I’m writing this from my desk as my 3-year-old son naps in the other room. I will write as long as he stays asleep. When Ewan wakes, a rustling sound of him stretching will come through the monitor before he stands up and yells, “Hey Baba! I’m awake in here!” Then I will be done working until my wife, Kelly, comes home. After dinner together, and then reading Yertle the Turtle, I will sit back at this desk and try to write some more.
Kelly works on the frontlines in the ICU treating COVID-19 patients, and our daycare is closed, so my work flexibility means that I’m on duty full time with Ewan and Kenai, our 7-month-old heeler puppy. Child and dog parenting, work, fitness, sleep, washing dishes — there aren’t enough hours in the day for all of these things, so I hack my schedule as much as I can and try to combine activities wherever possible.
Everyone in our household is liable to flip out if they don’t get a minimum amount of physical activity. During quarantine, though, my lack of alone time has made me reconfigure what a workout looks like.
If I’m working out, either Ewan needs to be involved, or I need to be wearing Kenai out too. Early in the quarantine, I made a quad-friendly tug-of-war toy for Kenai out of the end of an old tie-down strap I had in the garage (two-packs are $10-$15 from many online retailers or hardware stores). There was already a loop in one end, and I tied a loop in the other. I wrap one loop around my wrist to bypass my grip-less fingers, and Kenai chomps the other.
I roll onto the carpet — better purchase for Kenai’s claws — hold onto my chair with one hand and let her grab on. Swinging her back and forth, I alternate arm motions: rows, bicep curls, straight-arm pullbacks and triceps extensions. I switch arms and do it again. After 10 minutes, she’s panting, and my arms are burning.
Another option involves using Ewan as a weight vest. I’ll transfer out of my chair onto the carpet or the mat in our garage workout space and then flip over on my belly. He’ll climb onto my back, lie down and wrap his arms around my neck. I’ll do a set of pushups, him giggling, me grunting with an extra wiggly 35 pounds of resistance. Then he’ll climb off, I’ll flop over into a seated position and put my legs up onto my handcycle seat or the ottoman. Using two stools and Ewan on my back, I’ll crank out some dips. The benefit of using a toddler instead of a typical weight vest is that he climbs on and off on his own. And when I go by his count — 1, 2, 3, 4, 7, 13, 20 — the reps go by quicker than ever.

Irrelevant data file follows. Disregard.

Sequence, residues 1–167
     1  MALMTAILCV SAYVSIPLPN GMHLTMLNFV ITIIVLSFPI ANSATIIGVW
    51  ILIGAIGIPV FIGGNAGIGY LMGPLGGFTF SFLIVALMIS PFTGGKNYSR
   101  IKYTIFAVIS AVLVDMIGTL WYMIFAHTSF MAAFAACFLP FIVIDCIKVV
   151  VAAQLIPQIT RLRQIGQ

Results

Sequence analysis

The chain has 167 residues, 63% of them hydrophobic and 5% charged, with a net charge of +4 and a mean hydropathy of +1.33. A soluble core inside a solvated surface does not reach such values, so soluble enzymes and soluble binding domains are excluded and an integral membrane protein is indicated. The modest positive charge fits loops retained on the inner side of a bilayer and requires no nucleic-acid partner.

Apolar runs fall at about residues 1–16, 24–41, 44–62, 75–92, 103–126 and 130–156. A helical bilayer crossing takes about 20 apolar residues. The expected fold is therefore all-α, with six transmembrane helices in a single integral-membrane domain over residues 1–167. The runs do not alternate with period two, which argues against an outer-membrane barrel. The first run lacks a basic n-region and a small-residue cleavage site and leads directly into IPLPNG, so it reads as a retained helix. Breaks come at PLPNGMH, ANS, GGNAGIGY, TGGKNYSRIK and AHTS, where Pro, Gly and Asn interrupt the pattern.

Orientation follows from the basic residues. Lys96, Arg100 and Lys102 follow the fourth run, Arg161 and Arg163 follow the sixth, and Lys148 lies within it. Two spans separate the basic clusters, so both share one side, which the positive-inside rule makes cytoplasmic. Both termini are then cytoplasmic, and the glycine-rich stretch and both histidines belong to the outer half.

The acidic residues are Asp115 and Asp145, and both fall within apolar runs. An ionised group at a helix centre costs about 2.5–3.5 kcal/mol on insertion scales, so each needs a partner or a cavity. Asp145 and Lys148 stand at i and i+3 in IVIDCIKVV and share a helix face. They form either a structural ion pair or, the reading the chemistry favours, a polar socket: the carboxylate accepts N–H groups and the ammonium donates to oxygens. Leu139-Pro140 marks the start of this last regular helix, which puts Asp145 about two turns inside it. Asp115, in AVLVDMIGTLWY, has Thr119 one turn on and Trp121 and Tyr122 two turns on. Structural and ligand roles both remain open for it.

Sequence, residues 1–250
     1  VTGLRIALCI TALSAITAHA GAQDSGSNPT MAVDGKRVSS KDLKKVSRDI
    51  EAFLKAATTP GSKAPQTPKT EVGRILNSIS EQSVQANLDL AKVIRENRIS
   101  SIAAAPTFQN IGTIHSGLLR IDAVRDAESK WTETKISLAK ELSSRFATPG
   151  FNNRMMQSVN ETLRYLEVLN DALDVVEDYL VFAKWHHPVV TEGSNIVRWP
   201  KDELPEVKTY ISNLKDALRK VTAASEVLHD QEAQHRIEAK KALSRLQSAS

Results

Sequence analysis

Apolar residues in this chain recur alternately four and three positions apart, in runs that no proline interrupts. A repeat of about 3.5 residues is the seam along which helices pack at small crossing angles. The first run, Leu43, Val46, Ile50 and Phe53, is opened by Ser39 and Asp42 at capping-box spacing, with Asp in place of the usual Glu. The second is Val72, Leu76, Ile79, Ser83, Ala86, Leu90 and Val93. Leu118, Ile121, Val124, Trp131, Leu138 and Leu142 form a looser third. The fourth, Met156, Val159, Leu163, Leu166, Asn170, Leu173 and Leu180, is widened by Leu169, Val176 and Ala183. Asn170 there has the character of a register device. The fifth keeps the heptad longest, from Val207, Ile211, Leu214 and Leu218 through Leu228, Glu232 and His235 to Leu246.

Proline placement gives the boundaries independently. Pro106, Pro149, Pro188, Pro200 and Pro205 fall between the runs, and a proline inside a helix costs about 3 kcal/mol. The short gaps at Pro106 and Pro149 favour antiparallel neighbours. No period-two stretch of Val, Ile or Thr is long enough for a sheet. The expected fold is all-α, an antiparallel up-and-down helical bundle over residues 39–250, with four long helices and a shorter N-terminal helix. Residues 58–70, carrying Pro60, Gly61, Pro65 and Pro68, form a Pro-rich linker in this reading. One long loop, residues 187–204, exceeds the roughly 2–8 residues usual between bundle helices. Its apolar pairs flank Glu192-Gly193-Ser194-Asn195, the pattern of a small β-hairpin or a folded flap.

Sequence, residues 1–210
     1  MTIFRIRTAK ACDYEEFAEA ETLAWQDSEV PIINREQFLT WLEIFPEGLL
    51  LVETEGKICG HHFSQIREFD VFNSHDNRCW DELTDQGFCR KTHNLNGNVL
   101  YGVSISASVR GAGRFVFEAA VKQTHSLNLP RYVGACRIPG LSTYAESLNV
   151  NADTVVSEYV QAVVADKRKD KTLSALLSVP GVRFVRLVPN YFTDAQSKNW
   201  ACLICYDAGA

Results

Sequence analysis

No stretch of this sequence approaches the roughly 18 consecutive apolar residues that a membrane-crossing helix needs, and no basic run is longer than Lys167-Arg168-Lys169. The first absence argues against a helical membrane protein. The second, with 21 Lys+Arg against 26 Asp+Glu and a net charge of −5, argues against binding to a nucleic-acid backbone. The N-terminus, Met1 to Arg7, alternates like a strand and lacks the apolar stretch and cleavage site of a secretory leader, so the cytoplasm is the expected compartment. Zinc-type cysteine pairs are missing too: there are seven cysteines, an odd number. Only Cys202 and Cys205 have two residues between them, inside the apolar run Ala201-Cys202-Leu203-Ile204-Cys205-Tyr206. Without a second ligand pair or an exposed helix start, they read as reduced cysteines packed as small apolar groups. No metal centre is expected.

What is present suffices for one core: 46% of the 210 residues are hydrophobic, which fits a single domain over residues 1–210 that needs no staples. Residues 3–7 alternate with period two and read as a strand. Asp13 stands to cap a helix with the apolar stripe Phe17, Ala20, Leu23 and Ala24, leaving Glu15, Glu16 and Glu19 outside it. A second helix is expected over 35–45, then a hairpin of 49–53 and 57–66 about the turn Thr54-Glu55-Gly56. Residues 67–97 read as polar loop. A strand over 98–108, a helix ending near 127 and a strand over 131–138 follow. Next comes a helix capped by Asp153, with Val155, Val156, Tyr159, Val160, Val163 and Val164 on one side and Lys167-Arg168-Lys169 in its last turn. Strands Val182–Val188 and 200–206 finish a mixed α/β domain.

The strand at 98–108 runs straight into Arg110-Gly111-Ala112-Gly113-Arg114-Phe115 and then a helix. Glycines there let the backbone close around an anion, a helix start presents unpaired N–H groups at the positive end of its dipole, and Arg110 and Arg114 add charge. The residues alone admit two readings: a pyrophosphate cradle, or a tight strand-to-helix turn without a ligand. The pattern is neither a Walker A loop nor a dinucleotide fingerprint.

The Heeler Sled
Ewan really likes bikes, which is nice, because I really like bikes, so our daily pandemic routine revolves around rides. He’s been on a strider bike — basically a tiny bike without pedals that kids can use before they gain the confidence or coordination to operate them — since he was 2. For a toddler, Ewan puts some distance in, regularly striding for 3 miles or so if we have the time. But Kenai is bred to run and could put 10 miles in at Ewan pace and barely be panting by the end. I thought wearing her and Ewan out were two separate activities, until one day I had Kenai alongside my Bowhead off-road bike with Kelly and Ewan leading.
I was getting frustrated because Kenai just kept pulling and pulling. I finally said screw it, gave up on the leash training and let her at it. Suddenly she’d gone full sled dog, towing me and my 100 pound electric mountain bike like she was racing to Nome. A mile and a half later, she was exhausted and no longer interested in pulling. The same method works on a regular handcycle; just make sure you have good brakes and a chest harness for the pup.
I never thought I’d be able to teach Ewan how to ride a pedal bike. The “training wheels off” image I had in my head was of a parent holding onto the seat of their kids’ bike, trying to keep up in an awkward, bent over shuffle. Then one day, Ewan and I were watching Brandon Semenuk’s segment in the mountain bike film Unreal (bit.ly/2Wk68GF), in which he spins and flips over bus-sized gaps with as much grace and beauty as I’ve ever seen anyone do anything. At the end of the segment, Ewan turned to me with his serious face and said, “Baba, I want you to teach me how to do that.”
“How ‘bout we start with pedaling?” I replied.
We went out to the garage and I transferred onto my Bowhead. Using one hand for the throttle and brake and the other for balancing his bike, I was able to ride it down to the sidewalk. Ewan got on, put his feet up on the pedals and I eased onto the throttle. We were off.
Amazingly enough, it worked. The same method was just as effective on my regular handcycle — a Top End Force CC. Me helping him on either bike is easier than if Kelly were doing it. I’m down low, so I don’t have to bend over and kill my back, and the side-by-side position lets me easily ride along and help with balance as needed. Most parents with handcycles should be able to do the same.
As we go to print, he’s still working on the pedaling. I’m not sure what I’m going to do when he’s ready for the flips and spins. Maybe start with some advice I learned the hard way: “If you’re going to do a backflip and a half, just go for the double.”